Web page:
The Political Economy of Financial Systems: Evidence from Suffrage Reforms in the Last Two Centuries
Voting rights were initially limited to wealthy elites providing political support for stock markets. Thefranchise expansion induces the median voter to provide political support for banking development,as this new electorate has lower ﬁnancial holdings and beneﬁts less from the riskiness and ﬁnancialreturns from stock markets. Our panel data evidence covering the years 1830–1999 shows that tighterrestrictions on the voting franchise induce greater stock market development, whereas a broadervoting franchise is more conducive to the banking sector, consistent with Perotti and von Thadden(2006). The results are robust to controlling for other institutional arrangements and endogeneity.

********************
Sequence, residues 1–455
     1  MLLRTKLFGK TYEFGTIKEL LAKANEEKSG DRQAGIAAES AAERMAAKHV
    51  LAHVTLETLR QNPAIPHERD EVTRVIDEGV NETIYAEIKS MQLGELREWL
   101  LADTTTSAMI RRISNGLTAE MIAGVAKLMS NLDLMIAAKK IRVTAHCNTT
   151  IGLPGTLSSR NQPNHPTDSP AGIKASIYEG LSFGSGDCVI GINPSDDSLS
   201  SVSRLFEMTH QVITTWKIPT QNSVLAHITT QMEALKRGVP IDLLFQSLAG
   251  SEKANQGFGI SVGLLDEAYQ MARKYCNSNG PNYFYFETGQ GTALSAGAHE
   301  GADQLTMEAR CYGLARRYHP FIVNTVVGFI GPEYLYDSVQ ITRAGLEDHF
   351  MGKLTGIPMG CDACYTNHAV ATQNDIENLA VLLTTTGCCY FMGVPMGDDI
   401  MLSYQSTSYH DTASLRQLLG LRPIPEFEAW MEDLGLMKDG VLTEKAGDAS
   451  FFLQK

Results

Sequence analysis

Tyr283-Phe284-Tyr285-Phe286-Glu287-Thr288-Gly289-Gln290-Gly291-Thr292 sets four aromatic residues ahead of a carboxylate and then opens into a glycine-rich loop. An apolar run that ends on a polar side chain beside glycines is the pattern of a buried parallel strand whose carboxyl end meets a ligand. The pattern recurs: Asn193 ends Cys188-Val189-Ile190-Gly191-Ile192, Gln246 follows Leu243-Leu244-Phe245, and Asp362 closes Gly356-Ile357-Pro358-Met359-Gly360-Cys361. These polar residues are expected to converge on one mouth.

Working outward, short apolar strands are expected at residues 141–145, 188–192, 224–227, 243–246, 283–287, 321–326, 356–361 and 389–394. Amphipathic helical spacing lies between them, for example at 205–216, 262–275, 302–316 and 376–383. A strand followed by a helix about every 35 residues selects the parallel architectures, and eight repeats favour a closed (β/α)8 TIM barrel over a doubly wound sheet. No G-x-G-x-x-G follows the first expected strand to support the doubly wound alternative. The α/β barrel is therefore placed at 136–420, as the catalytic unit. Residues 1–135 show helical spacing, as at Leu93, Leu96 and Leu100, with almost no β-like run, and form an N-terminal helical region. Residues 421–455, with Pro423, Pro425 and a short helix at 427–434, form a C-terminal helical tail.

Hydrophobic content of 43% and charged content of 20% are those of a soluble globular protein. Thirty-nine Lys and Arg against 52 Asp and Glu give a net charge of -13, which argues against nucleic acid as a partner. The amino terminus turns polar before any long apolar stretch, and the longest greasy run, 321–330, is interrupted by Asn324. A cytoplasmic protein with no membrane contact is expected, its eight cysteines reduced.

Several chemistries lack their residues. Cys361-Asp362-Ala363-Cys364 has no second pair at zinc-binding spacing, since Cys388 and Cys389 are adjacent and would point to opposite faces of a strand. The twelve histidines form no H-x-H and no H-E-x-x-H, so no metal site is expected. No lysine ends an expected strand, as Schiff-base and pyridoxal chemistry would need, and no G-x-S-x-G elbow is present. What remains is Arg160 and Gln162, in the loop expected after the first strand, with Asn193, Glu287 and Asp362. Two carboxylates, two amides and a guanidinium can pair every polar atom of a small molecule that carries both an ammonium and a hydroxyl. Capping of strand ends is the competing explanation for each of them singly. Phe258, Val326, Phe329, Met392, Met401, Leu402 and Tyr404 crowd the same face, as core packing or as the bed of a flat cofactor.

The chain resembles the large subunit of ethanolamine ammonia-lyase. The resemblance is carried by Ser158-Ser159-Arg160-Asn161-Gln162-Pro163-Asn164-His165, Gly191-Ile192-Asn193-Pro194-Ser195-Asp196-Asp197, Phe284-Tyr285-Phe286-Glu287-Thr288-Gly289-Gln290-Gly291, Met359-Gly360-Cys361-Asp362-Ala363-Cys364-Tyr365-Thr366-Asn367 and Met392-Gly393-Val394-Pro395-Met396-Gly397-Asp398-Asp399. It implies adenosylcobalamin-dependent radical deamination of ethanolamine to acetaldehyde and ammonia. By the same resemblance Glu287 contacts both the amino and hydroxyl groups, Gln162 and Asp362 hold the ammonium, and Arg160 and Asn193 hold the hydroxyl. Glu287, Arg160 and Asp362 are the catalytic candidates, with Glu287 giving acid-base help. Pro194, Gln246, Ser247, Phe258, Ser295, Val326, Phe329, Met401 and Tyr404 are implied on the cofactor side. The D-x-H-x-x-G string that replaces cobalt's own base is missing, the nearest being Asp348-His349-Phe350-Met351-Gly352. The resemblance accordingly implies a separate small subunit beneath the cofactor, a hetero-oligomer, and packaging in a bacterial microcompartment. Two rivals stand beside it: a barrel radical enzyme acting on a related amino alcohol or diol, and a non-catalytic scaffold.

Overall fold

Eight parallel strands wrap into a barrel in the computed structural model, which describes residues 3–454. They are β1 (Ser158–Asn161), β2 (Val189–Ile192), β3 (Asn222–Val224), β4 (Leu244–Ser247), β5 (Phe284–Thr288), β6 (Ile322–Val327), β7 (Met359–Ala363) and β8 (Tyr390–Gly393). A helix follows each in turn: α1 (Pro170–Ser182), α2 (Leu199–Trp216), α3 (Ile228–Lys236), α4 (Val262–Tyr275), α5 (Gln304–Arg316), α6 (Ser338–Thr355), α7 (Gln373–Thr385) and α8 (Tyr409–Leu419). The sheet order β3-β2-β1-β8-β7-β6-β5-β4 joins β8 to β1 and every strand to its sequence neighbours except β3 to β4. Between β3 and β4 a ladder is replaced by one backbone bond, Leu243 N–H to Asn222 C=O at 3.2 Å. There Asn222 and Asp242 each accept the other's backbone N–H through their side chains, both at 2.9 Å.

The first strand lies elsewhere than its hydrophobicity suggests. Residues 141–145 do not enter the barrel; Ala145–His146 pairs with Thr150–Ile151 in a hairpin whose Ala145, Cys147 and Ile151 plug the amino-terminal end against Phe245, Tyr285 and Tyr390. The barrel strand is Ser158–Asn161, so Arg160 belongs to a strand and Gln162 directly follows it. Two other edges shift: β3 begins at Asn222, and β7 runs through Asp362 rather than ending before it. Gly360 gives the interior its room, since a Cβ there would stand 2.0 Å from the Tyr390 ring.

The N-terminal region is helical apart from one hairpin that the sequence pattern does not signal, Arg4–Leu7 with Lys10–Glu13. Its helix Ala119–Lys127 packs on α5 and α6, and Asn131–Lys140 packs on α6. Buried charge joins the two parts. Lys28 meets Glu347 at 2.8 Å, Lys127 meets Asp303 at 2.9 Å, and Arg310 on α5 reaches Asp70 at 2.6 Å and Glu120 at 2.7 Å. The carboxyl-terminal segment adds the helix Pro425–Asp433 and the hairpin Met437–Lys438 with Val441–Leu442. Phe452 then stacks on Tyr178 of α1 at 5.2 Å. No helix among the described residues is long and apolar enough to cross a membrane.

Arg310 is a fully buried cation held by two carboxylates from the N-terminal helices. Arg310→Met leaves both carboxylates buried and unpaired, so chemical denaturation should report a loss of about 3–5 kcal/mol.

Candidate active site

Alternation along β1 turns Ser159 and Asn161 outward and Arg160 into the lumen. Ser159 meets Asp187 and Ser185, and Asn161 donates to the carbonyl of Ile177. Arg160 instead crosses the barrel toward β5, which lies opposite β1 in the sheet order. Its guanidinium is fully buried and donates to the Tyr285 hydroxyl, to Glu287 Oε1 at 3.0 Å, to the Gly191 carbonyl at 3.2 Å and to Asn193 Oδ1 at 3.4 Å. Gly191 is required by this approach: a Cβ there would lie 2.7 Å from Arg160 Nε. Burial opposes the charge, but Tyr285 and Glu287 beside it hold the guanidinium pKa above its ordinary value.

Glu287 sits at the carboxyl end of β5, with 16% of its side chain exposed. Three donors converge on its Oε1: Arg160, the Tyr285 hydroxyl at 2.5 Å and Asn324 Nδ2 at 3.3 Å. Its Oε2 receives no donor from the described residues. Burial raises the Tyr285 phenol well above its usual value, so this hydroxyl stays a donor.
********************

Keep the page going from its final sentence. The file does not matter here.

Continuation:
|Persistent URL||dx.doi.org/10.1111/ecoj.12459, hdl.handle.net/1765/101276|
|Journal||The Economic Journal|
Degryse, H. (Hans), Lambert, T, & Schwienbacher, A. (2017). The Political Economy of Financial Systems: Evidence from Suffrage Reforms in the Last Two Centuries. The Economic Journal. doi:10.1111/ecoj.12459